— Bad Hugh • Mary Jane Holmes

... did go, The Pilot of the Galilean lake, Two massy Keyes he bore of metals twain, 110 (The Golden opes, the Iron shuts amain) He shook his Miter'd locks, and stern bespake, How well could I have spar'd for thee, young swain, Anow of such as for their bellies sake, Creep and intrude, and climb into the fold? Of other care they little reck'ning make, Then how to scramble at the shearers feast, And shove away the worthy bidden guest. Blind mouthes! that scarce themselves know how to hold A Sheep-hook, ...
— The Poetical Works of John Milton • John Milton

... The climb to the top of the island, which they undertook an hour later, was scarcely less dangerous than had been the struggle to cross the tumbling ice-floe, for this island was little more than a gigantic granite bowlder rising for a distance of some five hundred ...
— The Blue Envelope • Roy J. Snell

... close view, they could be seen all the more distinctly for the absence of dancing glitter. Tall and tough Scotch archers, Swiss halberdiers fierce and ponderous, nimble Gascons ready to wheel and climb, cavalry in which each man looked like a knight-errant with his indomitable spear and charger—it was satisfactory to be assured that they would injure nobody but the enemies of God! With that confidence at heart it was a less ...
— Romola • George Eliot

... shall be the lighter to climb these walls. And,—forgive the boast, Sir Knight,—thou shalt this day see the naked breast of a Saxon as boldly presented to the battle as ever ye beheld the steel ...
— Ivanhoe - A Romance • Walter Scott

... those who do in a grand way what they can do only in a poor one. I had another revelation of Georgiana's more serious nature, which is always aroused by the memory of her father. There is something beautiful and steadfast in this girl's soul. In our hemisphere vines climb round from left to right; if Georgiana loved you she would, if bidden, reverse every law of her nature for you as completely as a vine that you had caused to ...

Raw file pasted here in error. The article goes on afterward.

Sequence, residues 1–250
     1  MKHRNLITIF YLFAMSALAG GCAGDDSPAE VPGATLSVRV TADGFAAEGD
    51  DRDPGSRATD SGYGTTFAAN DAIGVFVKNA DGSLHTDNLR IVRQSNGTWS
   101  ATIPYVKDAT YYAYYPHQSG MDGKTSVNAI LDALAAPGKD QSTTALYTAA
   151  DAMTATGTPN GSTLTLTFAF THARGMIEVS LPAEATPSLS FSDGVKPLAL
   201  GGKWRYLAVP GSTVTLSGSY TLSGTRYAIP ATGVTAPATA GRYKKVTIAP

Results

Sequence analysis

— A Kentucky Cardinal • James Lane Allen

... three in the afternoon of the next day, and the sun lay hot on the oak groves, and the air was full of warmth as we began to climb the slope, midway up which the road to Auch shoots out of the track. The yellow bracken and the fallen leaves underfoot seemed to throw up light of themselves; and here and there a patch of ruddy beech lay like ...
— Under the Red Robe • Stanley Weyman

... sure I can go if you can," responded Arnfinn, not any too eagerly. "Give me your hand, and we can climb the better." ...
— Tales From Two Hemispheres • Hjalmar Hjorth Boyesen

... before a bear devoured him. So I had not time to cry out before an unseen power has drawn me again to the mysterious distance. To-day I am going to Petersburg, from there to Berlin, and so further. Whether I climb Vesuvius or watch a bull-fight in Spain, I shall remember you in my ...
— Letters of Anton Chekhov • Anton Chekhov

... We immediately began to climb up the hill, and endeavored, as far as possible, by means of the stars, our only guides, to direct our course due north. By the time we had reached the first eminence, I felt a stinging pain in my knee, which suddenly swelled up so much, and put me into such agony, that I ...
— Hair Breadth Escapes - Perilous incidents in the lives of sailors and travelers - in Japan, Cuba, East Indies, etc., etc. • T. S. Arthur



Words linked to "Climb" :   get on, soar, grow, skin, jump, move up, sputter, shinny, move, bull, uprise, gain, come along, descent, slope, uphill, climbing, ride, lift, wane, mountaineer, rising, shin, progress, ascension, ascending, shape up, arise, scaling, come on, pitch, get along, scale, incline, increase, side, escalade, ramp, mountaineering, come up, climb down, struggle, scramble, clamber, advance